The Right to a Nationality and the Right to Adequate Housing
An Analysis of the Intersection of Two Largely ‘Invisible’ Human Rights Violations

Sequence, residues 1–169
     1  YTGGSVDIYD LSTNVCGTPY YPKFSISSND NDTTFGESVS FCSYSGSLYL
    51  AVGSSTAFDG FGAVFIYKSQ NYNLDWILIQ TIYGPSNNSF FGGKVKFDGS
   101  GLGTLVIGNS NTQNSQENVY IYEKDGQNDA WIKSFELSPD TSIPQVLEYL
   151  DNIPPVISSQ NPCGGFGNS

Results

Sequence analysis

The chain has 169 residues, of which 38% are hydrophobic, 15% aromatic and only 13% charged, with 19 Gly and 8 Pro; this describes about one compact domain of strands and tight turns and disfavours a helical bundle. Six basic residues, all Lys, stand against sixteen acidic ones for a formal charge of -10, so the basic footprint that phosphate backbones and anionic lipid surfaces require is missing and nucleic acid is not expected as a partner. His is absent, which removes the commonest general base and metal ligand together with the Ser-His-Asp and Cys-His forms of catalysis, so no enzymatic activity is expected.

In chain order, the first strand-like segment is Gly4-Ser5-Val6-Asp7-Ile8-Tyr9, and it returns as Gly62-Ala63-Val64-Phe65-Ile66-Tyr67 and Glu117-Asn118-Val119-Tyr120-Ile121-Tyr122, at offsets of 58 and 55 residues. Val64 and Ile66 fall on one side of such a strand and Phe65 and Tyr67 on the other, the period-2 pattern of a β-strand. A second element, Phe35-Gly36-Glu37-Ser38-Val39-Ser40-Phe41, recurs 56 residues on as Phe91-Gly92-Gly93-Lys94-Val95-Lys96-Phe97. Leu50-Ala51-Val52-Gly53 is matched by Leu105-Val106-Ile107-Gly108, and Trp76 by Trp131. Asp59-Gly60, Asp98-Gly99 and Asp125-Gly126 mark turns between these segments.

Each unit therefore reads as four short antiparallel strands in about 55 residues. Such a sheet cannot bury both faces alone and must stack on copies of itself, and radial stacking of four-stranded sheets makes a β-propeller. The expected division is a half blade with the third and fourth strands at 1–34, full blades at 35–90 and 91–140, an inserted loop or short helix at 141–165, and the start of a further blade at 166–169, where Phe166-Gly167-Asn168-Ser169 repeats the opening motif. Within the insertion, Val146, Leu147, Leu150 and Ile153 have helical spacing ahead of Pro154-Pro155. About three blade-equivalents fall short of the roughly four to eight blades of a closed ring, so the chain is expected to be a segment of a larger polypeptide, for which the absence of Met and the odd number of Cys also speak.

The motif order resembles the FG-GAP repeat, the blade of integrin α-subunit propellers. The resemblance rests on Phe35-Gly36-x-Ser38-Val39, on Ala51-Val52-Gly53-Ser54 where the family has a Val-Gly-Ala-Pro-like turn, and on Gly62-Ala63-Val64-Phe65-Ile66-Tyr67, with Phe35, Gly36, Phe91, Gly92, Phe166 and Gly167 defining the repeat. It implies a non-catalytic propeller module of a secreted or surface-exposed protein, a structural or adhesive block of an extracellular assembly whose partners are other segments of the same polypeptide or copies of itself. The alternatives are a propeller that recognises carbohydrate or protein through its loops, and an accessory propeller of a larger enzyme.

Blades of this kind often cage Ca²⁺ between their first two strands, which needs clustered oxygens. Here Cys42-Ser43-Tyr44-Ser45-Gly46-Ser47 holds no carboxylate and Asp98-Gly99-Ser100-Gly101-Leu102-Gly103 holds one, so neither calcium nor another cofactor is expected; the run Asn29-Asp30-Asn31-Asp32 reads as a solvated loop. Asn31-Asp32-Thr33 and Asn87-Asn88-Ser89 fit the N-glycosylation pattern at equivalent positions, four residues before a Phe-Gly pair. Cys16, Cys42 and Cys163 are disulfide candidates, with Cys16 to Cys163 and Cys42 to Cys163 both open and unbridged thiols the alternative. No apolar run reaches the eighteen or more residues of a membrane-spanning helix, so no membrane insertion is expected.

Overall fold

Millions of individuals around the world face challenges enjoying their right to a nationality, and millions more face challenges enjoying their right to adequate housing. While these human rights violations are recognised in general terms, little research has considered the extent to which these human rights abuses intersect as stateless persons face violations of specific socioeconomic rights, especially the right to adequate housing. This research attempts to fill that gap. This analysis explores the term adequate housing and the various legal instruments that enshrine this right, as well as the unique challenges faced by stateless persons in its enjoyment. This research argues that states have failed to respect, protect and fulfil the right to adequate housing for stateless persons in a number of contexts and that these failures are particularly acute for stateless persons with additional marginalised identities, which can then result in additional human rights violations. This analysis examines how previous policy solutions have failed to adequately consider the unique needs of inadequately housed stateless persons and calls attention to the need for more holistic and inclusive approaches to realise the right to adequate housing for all, which must include stateless persons.